It has come out that Trump had known all about the whistleblower, which likely led to him unfreezing aid for the Ukraine.


First published in November 2019.


One of Trump’s unsung skills is his ability to act surprised about things he already knew about. This is matched only by the American people’s ability to act surprised about anything Trump does anymore.

This latest news story exemplifies his tendency to grab any useful information while trying to manipulate it to his advantage. At the same time, it also exemplifies his contempt for workers of any kind.

I have seen Twitter hashtags of the alleged identity of the whistleblower. Whether they are true or not, it will also be no surprise if it comes out that Trump has known their identity all along. In fact, I believe everyone in Washington already knows who it is. They are just forced to keep quiet under what has become a transparent veil of promised protection, one that seems to grow thinner and thinner as the impeachment hearings progress.

Team Trump doesn’t want a name. They probably already have it. Team Trump only wants a license to go ahead and destroy the person.

One could say that Trump’s desire to destroy the whistleblower – along with any voice of dissent among those who work for him – is unprecedented. However, given the world he comes from, it is not.

Whatever Trump supporters have to say about the swamp of government bureaucracy, it pales in comparison to the sewage pool that is the average workplace autocracy – that and the many oligarchs of middle management that control it.

In the working world, anonymity is a joke when it comes to people with genuine grievances against their workplace.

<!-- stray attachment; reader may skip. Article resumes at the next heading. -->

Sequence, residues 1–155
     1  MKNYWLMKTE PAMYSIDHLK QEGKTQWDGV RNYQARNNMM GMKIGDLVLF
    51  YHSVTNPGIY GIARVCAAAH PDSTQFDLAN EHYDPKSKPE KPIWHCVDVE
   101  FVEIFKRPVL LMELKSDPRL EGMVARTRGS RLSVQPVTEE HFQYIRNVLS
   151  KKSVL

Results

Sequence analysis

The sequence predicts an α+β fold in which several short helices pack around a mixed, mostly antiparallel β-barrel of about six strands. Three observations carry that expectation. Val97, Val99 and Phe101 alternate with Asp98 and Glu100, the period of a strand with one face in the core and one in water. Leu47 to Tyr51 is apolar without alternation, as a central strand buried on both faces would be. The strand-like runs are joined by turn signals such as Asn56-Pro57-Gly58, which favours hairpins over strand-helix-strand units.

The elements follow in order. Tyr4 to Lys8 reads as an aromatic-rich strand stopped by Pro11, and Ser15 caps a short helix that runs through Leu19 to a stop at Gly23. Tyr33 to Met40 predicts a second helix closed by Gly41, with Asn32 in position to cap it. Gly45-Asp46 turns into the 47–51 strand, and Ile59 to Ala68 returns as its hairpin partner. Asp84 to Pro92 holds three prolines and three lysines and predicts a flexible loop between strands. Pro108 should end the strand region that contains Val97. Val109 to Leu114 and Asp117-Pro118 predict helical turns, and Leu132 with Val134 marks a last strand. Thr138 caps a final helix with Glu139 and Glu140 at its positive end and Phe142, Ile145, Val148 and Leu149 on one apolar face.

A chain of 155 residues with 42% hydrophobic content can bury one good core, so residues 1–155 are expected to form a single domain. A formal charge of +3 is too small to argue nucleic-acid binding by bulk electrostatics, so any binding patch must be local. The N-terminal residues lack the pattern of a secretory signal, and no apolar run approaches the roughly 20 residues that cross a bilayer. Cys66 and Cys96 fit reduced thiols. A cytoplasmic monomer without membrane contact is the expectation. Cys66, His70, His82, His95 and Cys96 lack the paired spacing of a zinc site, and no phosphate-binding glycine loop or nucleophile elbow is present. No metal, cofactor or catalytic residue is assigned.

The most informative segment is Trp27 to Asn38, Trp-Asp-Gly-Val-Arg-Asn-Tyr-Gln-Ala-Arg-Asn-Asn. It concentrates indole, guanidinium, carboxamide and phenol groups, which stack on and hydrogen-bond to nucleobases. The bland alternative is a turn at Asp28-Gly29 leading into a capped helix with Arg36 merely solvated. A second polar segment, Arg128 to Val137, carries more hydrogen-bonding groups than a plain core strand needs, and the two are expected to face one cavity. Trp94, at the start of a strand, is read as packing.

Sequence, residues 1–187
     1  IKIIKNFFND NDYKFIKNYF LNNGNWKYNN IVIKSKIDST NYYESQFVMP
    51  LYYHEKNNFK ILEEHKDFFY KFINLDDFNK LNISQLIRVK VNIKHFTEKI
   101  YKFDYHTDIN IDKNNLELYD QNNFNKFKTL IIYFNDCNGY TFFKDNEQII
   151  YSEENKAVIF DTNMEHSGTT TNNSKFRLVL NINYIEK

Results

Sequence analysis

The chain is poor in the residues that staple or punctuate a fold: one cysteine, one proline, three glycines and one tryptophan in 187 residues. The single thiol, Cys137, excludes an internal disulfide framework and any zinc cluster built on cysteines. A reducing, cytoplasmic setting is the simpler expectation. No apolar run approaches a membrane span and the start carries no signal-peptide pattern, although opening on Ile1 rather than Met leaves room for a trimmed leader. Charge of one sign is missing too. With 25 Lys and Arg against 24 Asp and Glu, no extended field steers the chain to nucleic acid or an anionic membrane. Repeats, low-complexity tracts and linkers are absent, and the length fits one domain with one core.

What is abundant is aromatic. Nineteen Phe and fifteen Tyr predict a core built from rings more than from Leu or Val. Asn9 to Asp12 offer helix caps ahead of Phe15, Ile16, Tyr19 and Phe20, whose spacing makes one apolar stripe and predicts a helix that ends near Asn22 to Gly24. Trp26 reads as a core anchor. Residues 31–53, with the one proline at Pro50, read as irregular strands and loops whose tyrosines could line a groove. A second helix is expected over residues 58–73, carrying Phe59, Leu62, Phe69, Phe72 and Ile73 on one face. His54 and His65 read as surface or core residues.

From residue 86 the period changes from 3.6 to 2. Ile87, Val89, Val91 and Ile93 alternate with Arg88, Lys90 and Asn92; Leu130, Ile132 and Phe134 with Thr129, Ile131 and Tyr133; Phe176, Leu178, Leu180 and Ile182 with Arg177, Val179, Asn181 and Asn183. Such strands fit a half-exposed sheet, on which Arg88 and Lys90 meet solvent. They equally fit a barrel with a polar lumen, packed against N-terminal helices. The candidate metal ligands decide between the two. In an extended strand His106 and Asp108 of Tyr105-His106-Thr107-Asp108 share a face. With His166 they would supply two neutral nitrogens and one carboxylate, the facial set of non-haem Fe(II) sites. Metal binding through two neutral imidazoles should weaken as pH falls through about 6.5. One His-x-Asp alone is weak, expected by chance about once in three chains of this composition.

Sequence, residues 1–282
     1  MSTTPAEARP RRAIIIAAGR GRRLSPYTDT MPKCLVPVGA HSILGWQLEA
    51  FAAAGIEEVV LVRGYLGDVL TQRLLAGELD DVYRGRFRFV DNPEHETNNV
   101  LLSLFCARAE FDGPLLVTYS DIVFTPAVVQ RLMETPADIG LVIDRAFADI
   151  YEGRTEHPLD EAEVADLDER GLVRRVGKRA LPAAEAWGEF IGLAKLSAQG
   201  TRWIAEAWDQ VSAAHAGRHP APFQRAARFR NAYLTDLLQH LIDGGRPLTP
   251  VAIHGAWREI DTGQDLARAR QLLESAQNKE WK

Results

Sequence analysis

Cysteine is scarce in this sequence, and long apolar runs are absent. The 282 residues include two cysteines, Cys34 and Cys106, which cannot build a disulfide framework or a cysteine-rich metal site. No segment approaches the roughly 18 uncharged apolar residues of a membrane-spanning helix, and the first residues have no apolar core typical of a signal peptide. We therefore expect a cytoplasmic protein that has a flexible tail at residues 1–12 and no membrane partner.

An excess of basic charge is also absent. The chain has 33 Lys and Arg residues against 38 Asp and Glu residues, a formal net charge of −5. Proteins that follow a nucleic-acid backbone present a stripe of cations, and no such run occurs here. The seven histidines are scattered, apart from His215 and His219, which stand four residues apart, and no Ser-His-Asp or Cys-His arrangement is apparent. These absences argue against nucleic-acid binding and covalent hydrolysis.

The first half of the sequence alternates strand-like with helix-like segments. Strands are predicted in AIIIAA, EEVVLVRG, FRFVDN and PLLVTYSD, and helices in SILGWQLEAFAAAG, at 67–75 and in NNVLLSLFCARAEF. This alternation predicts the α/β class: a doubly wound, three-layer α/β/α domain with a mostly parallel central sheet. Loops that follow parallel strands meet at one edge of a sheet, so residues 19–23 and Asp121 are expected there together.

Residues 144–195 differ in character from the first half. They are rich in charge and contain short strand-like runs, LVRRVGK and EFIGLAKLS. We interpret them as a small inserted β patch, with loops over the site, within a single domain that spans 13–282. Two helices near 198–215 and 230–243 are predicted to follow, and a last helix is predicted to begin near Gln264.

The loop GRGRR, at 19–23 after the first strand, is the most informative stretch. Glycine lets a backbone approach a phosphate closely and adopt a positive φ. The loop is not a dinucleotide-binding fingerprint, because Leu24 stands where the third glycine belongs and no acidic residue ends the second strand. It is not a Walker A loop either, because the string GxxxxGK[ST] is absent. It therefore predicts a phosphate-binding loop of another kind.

As Trump’s office has demonstrated since its beginning, most big bosses only need a few upper echelon underlings, along with a sycophant or two who have their eyes on something better than they would ever earn on their own. The rest are staff who want nothing more than to do their job and maybe not feel too terrible while doing it.

These mini-boss scenarios are actually quite effective at squashing dissent in the workplace. Particularly if the group is small. Pity the poor person who makes a complaint about an abusive environment. Even if that information doesn’t come their way, it will be even more obvious who is doing the complaining.

Information will spread. Names will be named. Maybe they can’t say anything to your face, but that just means that psychological warfare can commence.

In my past work experiences alone, while going through proper channels with complaints, I have been ostracized, conspired against, gaslighted, threatened, falsely accused, and been forced to give up workspace and resources to less qualified staff (who were being groomed to take over my job).

I took the abuse for as long as I had to. I moved on even after those who harassed had left, leaving my place employment to feel like scorched earth after they had their way with it.

This was all while everything was “confidential.”

Today, if anything happened to me while at my job, how quick do you think I would be to complain?

You can praise Trump for saving taxpayers money by having fewer people in his employ, but there’s the real reason for cutting staff: to remove the possibility of anyone becoming insubordinate.

It may not take much longer before the White House consists of Trump, his most faithful co-conspirators, and those with few enough scruples to keep their heads down before their pundit and/or reality TV deals come in.

The average response for anyone dealing with a toxic work environment is to either take it and wait it out or leave. With Trump treating the country like the staff in one of his hotels, can we wait that long?

What would a scorched earth oval office look like? And quite literally, where would one go from here?🔷



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[This is an original piece, first published by the author in PoliticsMeansPolitics.com on 28 November 2019. | The author writes in a personal capacity.]

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(Cover: Flickr/Ben Taylor. / Licensed under a Creative Commons Attribution-ShareAlike 4.0 International License.)



     

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I work. I write. Sometimes I get props for doing both. Sometimes I get paid. Now I have a book from FootHills Publishing.

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